The older woman stood up and moved toward him. With the long robe hiding her feet, she looked almost as if she was floating. In one hand she carried a small metal cup. Warm vapors lapped over the sides as the scent permeated the room. She knelt beside him, clutching the robe around her with one hand, while the other hand held a cup containing a pungent broth. She held it for him to drink, and as he sipped the steaming liquid he realized how hungry he was. The last time he’d eaten was back in Curtis Wells, however long that had been. The broth was gamy and a little salty. More importantly, it was hot.

The woman was saying something to him, but he couldn’t understand the words. "She says to go slow," the man responded to his perplexed expression. "Just a little at a time."

He was sure he could devour most of a side of beef without any trouble, but she was right. He should take it easy at first. He took another sip of the broth, letting it fill him with its savory warmth. Nothing he’d had in recent years had tasted so good. Nodding her encouragement and reassurance, she patiently held the cup for him until he’d finished. Then she stood up and returned to the fire.

He lay back, momentarily fatigued by the effort that the small, simple exercise had taken. He wasn’t sleepy – just tired. A hundred questions raced around his head, but he didn’t have the strength to talk. He’d rest for now and talk later. Maybe he’d sleep a little longer….

* * *

Gray skies melted into bright blue as the morning sunlight peeked through the small windows of the cabin.

All that had stayed hidden in the darkness of night was now visible, as he looked around the single room. The walls were roughly constructed of wooded planks and sealed here and there with sod. The hides of various game animals were draped on the inside, probably to help contain the heat that was generated from the fire. The hearth was constructed of large stones and reached to the ceiling. A few tattered, hand-woven mats covered the floor. His clothes were still on the chair where he’d seen them the night before, and his boots stood in one corner. Beside them, his Winchester leaned against the wall.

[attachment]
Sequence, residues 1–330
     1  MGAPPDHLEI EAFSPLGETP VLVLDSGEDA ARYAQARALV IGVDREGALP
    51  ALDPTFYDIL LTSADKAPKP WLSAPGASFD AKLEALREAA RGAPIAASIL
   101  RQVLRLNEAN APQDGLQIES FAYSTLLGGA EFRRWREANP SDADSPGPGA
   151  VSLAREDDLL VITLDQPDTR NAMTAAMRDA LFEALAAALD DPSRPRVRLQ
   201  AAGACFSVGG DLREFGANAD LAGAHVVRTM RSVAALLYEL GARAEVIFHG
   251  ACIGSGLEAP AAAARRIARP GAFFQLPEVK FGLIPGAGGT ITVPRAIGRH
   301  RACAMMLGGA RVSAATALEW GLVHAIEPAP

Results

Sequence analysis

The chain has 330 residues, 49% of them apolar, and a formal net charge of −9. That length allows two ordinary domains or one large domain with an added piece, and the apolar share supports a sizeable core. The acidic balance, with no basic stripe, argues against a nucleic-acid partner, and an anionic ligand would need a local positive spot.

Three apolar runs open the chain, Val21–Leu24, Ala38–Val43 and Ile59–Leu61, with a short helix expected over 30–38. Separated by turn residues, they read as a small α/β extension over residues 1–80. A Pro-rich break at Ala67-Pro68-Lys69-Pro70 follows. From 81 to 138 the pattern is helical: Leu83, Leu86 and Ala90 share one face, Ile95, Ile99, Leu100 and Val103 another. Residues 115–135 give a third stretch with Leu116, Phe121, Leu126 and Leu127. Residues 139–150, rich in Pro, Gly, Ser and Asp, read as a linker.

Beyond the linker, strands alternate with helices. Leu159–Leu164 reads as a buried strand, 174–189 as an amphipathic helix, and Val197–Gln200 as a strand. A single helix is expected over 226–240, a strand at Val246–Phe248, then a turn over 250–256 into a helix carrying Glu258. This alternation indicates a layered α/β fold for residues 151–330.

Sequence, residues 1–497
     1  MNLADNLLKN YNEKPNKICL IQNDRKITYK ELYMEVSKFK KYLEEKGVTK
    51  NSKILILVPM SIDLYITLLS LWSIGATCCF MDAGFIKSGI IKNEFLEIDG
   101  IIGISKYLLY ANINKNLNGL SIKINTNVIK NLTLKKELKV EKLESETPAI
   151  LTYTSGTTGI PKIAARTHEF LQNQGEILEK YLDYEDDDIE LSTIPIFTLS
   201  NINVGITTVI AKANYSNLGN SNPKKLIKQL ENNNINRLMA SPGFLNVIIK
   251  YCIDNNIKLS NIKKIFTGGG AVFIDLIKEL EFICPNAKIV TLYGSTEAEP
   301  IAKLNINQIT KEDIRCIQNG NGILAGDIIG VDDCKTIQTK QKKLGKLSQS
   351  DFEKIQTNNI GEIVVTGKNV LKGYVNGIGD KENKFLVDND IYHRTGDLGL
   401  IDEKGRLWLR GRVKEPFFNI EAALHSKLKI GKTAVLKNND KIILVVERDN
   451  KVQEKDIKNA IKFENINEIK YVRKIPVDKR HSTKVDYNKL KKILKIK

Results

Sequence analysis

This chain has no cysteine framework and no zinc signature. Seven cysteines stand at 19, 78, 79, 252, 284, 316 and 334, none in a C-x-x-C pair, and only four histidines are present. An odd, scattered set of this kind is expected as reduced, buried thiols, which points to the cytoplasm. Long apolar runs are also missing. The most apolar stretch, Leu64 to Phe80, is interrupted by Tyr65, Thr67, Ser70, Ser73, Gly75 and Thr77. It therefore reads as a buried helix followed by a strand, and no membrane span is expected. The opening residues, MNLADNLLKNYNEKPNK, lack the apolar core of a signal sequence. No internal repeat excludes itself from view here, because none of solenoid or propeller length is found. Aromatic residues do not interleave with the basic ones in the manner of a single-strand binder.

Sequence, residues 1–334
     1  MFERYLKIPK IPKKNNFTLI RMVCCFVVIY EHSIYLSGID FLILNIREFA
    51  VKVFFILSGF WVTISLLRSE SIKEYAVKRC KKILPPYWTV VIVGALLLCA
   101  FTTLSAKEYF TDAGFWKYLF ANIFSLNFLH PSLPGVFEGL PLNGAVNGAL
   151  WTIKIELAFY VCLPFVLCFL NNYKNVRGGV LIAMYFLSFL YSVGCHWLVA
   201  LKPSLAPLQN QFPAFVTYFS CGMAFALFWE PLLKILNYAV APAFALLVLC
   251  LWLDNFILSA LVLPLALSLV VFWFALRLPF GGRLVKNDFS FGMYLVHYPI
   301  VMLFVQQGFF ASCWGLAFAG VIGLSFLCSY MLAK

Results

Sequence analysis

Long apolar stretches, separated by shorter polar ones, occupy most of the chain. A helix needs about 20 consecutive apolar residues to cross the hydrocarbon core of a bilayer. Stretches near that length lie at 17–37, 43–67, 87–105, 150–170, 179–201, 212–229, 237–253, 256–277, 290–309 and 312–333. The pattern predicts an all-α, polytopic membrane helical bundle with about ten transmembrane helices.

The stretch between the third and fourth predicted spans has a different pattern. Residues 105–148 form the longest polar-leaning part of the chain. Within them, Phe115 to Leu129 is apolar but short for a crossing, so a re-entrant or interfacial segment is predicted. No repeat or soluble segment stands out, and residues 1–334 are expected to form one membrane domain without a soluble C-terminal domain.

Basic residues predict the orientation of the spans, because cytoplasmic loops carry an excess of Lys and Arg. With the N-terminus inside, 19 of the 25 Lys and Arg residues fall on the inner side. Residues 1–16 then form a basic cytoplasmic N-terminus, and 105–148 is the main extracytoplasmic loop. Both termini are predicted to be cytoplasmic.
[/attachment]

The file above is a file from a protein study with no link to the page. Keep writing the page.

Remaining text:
"Thought you’d sleep some more," the now familiar voice came from the far side of the cabin. "You had a long walk – out in the snow." The man chuckled as if he was amused at his guest’s near-fatal misadventure.

"If dead men could talk, they tell you to think twice next time."

He wanted to explain what had happened, but for some reason, it didn’t appear to be necessary. The man seemed to understand, and he was trying to reassure him that he was safe now. He was older than he had first appeared, and clearly older than either of the women.

Who were they? For that matter, where were they? He knew he hadn’t imagined them.

The man relit his pipe and took several long draws to get it going before he asked them. "My wife," he said, "and my daughter." He seemed to anticipate Clay’s questions. "They went out for more firewood. Snow stopped last night. Storm’s over by now. No more for awhile." He drew on the pipe again. "Good time to find more wood. Gets pretty cold at night," he mused as he stoked the fire.

Clay glanced over at the chair where his clothes had been hung to dry out in front of the open hearth. It might be a good time to get dressed before the women returned. On the other hand, they’d probably seen everything there was to see already. It would be rare enough to share a bed with a woman only to sleep, but not with two women. Not just two women, but a mother and daughter! That had to be a first.

"How did … " he started to ask, but he choked as he heard his own voice croak. The wind had left his throat raw and parched, and it was hard to speak above a whisper. They were the first words he spoken aloud since he’d awakened in this strange surrounding. "How did you …?"